Poul Michelsen, Minister of Foreign Affairs and Trade, hosts reception in Copenhagen
Yesterday, December 8, Poul Michelsen, Minister of Foreign Affairs and Trade, hosted a reception for ambassadors to Denmark and other guests at the Representation of the Faroes in Copenhagen.
The minister presented the new government and its priorities with special reference to foreign policy. Mr. Michelsen explained that the Faroese economy is strong and highlighted the importance of international cooperation as a condition to economic growth and welfare in the Faroe Islands. It is necessary for the Faroes to secure market access for Faroese goods as well as trade cooperation in general.
Around 70 people attended the reception. There were 36 embassy representatives from countries such as the USA, China, Russia, Great Britain, Japan, Italy and South Korea in addition to the Nordic countries as well as representatives from the Danish Foreign Ministry and more.
The minister's speech:
Ladies and gentlemen,
It is a true pleasure and indeed an honour to receive you all here today.
This is the first time I see many of you, as I am new in the office as Foreign and Trade Minister of the Faroe Islands.
So I take this opportunity to address you and inform about our new government and some main political objectives.
After the general election to the Faroese Parliament on September 1st this year, a new Government was formed two weeks later.
It is a coalition between the three parties Javnaðarflokkurin (the Social Democrats), Tjóðveldi (the Republicans) and my own party Framsókn (the Liberal Independent Party)
Some of our main goals are to secure a viable economy underpinned by a both dynamic and sustainable industry and business environment.
The Faroese economy is performing well. We have had an annual growth rate of 5-6% these past 5 years.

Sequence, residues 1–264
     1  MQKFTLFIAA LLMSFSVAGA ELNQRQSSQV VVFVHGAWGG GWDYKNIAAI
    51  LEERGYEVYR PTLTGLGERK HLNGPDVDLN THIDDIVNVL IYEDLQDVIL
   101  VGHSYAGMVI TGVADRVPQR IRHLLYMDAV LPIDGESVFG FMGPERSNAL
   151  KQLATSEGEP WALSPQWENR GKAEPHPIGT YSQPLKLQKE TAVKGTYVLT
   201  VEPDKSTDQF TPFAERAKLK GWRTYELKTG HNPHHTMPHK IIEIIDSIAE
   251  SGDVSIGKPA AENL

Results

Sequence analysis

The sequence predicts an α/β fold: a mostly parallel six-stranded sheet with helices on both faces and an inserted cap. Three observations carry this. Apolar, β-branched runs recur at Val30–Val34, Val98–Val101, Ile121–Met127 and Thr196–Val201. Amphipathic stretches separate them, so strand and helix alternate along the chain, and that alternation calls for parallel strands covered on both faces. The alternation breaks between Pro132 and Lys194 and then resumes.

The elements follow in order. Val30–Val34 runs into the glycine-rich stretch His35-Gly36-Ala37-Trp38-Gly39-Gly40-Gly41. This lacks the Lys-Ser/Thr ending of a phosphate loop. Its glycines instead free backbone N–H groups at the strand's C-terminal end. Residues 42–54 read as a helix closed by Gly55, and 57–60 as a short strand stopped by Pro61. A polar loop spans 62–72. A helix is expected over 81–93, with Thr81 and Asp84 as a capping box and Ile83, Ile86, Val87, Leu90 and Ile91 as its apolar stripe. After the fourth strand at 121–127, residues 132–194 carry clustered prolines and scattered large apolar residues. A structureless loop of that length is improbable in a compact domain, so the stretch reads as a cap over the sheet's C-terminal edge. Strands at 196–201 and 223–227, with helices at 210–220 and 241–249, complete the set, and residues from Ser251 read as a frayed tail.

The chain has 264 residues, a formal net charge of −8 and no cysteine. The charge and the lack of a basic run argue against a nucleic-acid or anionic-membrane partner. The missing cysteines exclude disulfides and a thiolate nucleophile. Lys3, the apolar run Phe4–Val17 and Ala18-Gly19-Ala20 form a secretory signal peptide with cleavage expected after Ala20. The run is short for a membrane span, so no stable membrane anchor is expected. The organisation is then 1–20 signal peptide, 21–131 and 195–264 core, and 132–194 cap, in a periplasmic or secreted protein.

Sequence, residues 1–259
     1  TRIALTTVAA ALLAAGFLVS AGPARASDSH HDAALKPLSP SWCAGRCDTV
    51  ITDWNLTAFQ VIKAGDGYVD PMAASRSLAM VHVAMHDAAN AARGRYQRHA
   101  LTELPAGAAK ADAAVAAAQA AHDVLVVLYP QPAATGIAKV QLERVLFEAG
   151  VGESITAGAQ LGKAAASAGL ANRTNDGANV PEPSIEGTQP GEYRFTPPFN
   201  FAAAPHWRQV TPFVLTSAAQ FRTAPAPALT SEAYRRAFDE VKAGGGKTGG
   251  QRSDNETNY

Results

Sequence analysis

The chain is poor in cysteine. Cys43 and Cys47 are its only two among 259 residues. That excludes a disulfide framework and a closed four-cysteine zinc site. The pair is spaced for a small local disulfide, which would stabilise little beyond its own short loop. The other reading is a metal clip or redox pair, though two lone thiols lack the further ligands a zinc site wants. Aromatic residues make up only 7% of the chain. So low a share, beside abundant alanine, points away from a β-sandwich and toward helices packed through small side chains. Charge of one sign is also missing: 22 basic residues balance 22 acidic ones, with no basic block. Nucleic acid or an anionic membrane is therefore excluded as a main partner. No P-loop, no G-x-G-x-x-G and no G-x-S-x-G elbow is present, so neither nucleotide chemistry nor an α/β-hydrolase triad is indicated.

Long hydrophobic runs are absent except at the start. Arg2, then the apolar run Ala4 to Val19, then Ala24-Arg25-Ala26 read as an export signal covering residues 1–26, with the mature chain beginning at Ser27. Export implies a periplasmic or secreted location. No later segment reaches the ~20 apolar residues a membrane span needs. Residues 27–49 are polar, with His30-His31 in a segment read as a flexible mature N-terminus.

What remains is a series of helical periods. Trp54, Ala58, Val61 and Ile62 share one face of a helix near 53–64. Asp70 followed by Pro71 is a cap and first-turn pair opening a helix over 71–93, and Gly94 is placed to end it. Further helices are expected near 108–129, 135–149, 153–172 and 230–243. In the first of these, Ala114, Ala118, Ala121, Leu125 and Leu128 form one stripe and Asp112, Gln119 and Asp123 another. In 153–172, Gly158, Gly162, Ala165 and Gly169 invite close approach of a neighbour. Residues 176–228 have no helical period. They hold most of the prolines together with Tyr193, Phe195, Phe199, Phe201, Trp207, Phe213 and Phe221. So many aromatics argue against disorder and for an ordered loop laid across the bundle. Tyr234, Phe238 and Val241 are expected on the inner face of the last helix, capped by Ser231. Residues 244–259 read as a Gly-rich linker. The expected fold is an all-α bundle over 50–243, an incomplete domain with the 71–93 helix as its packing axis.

Our budget for next year is 5.5 billion DKK of which the Danish support is 642 million. Our GDP is nearly 16 billion.
GDP per capita is about 320.000 DKK.
Unemployment has fallen below 3%, and we are about to turn the deficit in the Government’s budget into a surplus already next year.
The new government has also re-organized its own administration.
Under the previous coalition, the Foreign Service was a department under the Faroese Prime Minister’s Office. Now, we have merged the Foreign Service with the previous Ministry of Trade and Industry establishing the new Ministry of Foreign Affairs and Trade.
The aim is to better utilize possible synergies in the administration of Trade and Industry and Foreign Relations.
The Faroese economy is a very open one.
Most of our production is exported to a variety of foreign markets, and most things we use in daily consumption are imported from abroad.
Faroese Foreign Policy is very much about pursuing our commercial interests in the global market.
International trade and business cooperation is key to economic growth in the Faroe Islands.
Diversification of our market relations is one of the main objectives, and things have been moving in the right direction for some years now.